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USATC WWII tank cars

Fred Jansz
 

In 1944, after the invasion in Normandy, France, the US brought a large amount of engines & cars to Europe. Among those many Whitecomb engines and a large amount of double dome tank cars. These engines and cars served in Holland after the war -while waiting for our own diesels & cars. I've bought a HO-scale kit of the whitecomb engine which served as power -sometimes doubled- for the oil can trains overhere. These trains were mainly made up of the USATC double dome tank cars, that were leased to various oil companies. European manufacturer Roco did a run of these years ago (pictures) Not being a tank car specialist, my question to you is; 'is there an American HO-scale alternative for these rather crude Roco cars'? (which are rare too).
Best regards from Holland, Fred Jansz

Dennis Storzek
 

Nothing like them in the US. They are not two compartment cars; a standard dome of adequate capacity would not fit European clearances, so two smaller domes were used. Note only one dome has a manway and safety valves. Likely the underframes have something in common with the same builder's domestic product... anyone know who built them?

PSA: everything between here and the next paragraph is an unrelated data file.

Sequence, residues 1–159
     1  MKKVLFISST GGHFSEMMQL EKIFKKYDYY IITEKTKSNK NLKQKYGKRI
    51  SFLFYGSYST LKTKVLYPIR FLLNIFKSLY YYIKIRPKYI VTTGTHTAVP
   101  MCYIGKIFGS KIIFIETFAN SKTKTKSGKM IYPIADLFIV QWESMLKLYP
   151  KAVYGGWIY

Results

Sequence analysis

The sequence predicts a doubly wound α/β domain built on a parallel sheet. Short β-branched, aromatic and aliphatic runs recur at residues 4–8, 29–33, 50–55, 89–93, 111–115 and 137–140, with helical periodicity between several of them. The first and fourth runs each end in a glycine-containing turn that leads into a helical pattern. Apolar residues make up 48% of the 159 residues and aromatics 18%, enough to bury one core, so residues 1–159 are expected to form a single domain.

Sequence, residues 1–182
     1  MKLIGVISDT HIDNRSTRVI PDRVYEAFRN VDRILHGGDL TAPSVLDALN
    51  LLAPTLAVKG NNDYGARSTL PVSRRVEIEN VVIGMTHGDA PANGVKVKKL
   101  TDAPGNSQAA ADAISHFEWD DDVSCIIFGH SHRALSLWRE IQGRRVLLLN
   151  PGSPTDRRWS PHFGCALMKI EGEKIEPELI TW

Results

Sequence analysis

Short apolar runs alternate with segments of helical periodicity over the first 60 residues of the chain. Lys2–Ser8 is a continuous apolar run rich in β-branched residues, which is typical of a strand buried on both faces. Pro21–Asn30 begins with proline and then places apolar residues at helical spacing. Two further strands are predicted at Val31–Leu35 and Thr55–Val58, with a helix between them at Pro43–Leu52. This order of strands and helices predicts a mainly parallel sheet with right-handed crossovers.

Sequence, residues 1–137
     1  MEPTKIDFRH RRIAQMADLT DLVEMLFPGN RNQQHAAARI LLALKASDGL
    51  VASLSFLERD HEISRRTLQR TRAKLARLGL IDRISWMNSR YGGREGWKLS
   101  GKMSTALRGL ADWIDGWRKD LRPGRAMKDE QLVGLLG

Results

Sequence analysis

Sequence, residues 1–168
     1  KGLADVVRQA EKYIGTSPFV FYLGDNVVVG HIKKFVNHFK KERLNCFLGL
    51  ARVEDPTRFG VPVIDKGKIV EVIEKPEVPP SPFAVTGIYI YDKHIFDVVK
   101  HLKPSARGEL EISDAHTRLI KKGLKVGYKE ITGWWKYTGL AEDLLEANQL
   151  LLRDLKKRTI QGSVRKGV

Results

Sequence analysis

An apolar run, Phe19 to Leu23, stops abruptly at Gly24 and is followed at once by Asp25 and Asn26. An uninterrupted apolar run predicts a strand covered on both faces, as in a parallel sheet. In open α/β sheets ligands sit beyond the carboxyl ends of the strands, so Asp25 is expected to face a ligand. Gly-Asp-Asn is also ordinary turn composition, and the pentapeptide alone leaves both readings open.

Dennis Storzek

Richard Townsend
 

AC&F built at least some of them. One is shown in Kaminski's AC&F book (not the tank car book). I have one of the models. I'm planning on using Archer rivets to make the car into a two-compartment car, adding Tichy manways and safety valves, and creating a new underframe from Intermountain parts.

Richard Townsend
Lincoln City, OR


-----Original Message-----
From: Dennis Storzek <destorzek@...>
To: main <main@RealSTMFC.groups.io>
Sent: Tue, Sep 3, 2019 8:50 am
Subject: Re: [RealSTMFC] USATC WWII tank cars

Nothing like them in the US. They are not two compartment cars; a standard dome of adequate capacity would not fit European clearances, so two smaller domes were used. Note only one dome has a manway and safety valves. Likely the underframes have something in common with the same builder's domestic product... anyone know who built them?

Dennis Storzek